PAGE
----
Sandy coastlines are home to diverse and productive habitats important for human settlements, development and local subsistence. Above half of the worlds population lives within 60 km of the shoreline, and this could rise to three quarters by the year 2020 (United Nations Conference on Environment and Development 1992). The Coastal strips have been vital for economic progress and development for thousands of years, since the oceanic trade routes were discovered. In recent years, extraction of resources, and increasing demands for recreational opportunities, are the widespread cause for population surges on these narrow coastal strips. vii A unique collection of invertebrates live on beaches. An exclusive xerophyte, the spinifex commonly known as Ravanas moustache has a widespread habitat on the Corromandel. The shores provide nesting sites for endangered birds and turtles. V. Deepak Samuel a lecturer at the Department of Marine Studies and Coastal Resource Management at the Madras Christian College says, The diminishing numbers of the hyponia creeper on Chennais beaches is a bad omen. The creeper clings to the sand binding with land and thus providing an unyielding beach. With the vanishing intertidal area due to erosion, he says These areas may look like marine deserts but are not, they provide habitat for a wealth of animals buried beneath the sand surface. The porous sand body harbours small interstitial organisms (bacteria, protozoans and small metazoans) forming a distinct food web. Larger invertebrates of the sandy beach include polychaete worms, clams, whelks and crustaceans, which can be scavengers, predators, and filter- or deposit feeders. Beaches generally lack plants in the intertidal zone. But the spinifex and hyponia play a significant role in holding the soil together.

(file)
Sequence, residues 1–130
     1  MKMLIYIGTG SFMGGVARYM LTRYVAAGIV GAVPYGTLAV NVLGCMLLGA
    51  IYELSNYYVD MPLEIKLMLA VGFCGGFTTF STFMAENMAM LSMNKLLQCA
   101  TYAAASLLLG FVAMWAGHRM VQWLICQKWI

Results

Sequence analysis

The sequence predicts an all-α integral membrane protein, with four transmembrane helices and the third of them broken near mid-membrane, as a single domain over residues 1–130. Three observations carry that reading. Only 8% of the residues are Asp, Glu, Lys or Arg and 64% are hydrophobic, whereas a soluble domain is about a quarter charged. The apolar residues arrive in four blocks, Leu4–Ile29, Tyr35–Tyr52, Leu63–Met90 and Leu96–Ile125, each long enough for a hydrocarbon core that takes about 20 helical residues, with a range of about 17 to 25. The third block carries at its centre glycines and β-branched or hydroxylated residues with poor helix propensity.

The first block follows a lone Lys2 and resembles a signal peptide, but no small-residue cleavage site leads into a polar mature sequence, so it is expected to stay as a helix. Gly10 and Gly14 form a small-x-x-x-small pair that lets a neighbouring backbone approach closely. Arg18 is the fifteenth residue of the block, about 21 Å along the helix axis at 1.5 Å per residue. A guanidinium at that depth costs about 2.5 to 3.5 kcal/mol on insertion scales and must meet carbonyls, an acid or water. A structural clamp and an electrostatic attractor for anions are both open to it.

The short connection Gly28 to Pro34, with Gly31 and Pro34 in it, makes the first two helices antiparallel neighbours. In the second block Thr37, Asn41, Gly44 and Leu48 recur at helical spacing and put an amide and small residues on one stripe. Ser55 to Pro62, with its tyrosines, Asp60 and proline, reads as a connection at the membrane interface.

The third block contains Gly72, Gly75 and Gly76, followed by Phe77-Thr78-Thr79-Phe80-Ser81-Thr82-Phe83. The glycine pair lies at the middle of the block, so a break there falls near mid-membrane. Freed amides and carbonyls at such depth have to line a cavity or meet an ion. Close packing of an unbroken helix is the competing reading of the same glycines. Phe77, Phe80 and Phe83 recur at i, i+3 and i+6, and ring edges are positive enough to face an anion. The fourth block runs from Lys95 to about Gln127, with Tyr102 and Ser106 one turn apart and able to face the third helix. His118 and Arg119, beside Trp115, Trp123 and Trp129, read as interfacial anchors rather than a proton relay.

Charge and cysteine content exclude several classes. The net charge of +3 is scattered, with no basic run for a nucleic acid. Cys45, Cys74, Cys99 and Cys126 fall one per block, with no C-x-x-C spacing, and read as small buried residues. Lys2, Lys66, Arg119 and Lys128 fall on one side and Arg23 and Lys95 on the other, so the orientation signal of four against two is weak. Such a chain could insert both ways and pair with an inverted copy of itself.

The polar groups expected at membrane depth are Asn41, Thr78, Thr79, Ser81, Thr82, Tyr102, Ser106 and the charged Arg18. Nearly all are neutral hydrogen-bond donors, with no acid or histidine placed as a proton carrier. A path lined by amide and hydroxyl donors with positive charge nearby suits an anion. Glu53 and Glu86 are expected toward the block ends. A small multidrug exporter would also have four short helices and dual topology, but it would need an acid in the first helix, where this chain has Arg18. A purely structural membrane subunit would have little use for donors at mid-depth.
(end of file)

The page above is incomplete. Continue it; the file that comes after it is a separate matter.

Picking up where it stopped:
Coastal erosion threatens the survival of crabs too. Dr. Samuel explains, Crabs integrate a part of the intertidal ecology. They help in cleaning up the shore environment by digging up dead matter. The common crab species that play this role are the Matuta Lunaris or moon crabs and the Ocypoda or ghost crabs. Most creatures typical of beaches are found in no other environment. Tiny burrows created by these decapod crustaceans serve as their home and food storage spaces. With rising sea levels due to erosion these burrows are submerged, forcing the crabs into extinction and disrupting intertidal technology. Some dissipative beaches have an abundance of bivalve populations that support commercial and artisanal recreational fisheries. These bivalves also serve as a nutritional substance for fishes and crustaceans.

Dr Samuel also warns us that the narrowing of beaches in response to coastal armouring -- the construction of coastal structures like harbours and seawalls -- has reduced the habitat types available and the diversity and abundance of macro invertebrates. It is consequential on predators, such as shorebirds that would have to deal with a combination of dilemmas like habitat loss; decreased accessibility at high tides; and reduced prey availability on armoured beaches. Unfortunately the impact of coastal armouring is neither well studied nor understood. Most of the sandy Corromandel beaches harbour distinctive ecological species and provide critical foraging and nesting areas for threatened wildlife, such as the Olive Ridley sea turtle.

In a recent survey by the Marine Science Institute, University of California, Santa Barbara, CA, USA and the Institute of Marine Sciences, University of California, Santa Cruz, CA, USA researchers discovered that macroinvertebrates and birds were abundant, and greater in number on unarmoured segments than on armoured segments of the beaches. They also revealed that the average abundance of macroinvertebrates was six times 15 times higher for unarmoured segments than for armoured segments of the beach. Shorebirds like gulls reacted strongly to the presence of seawalls.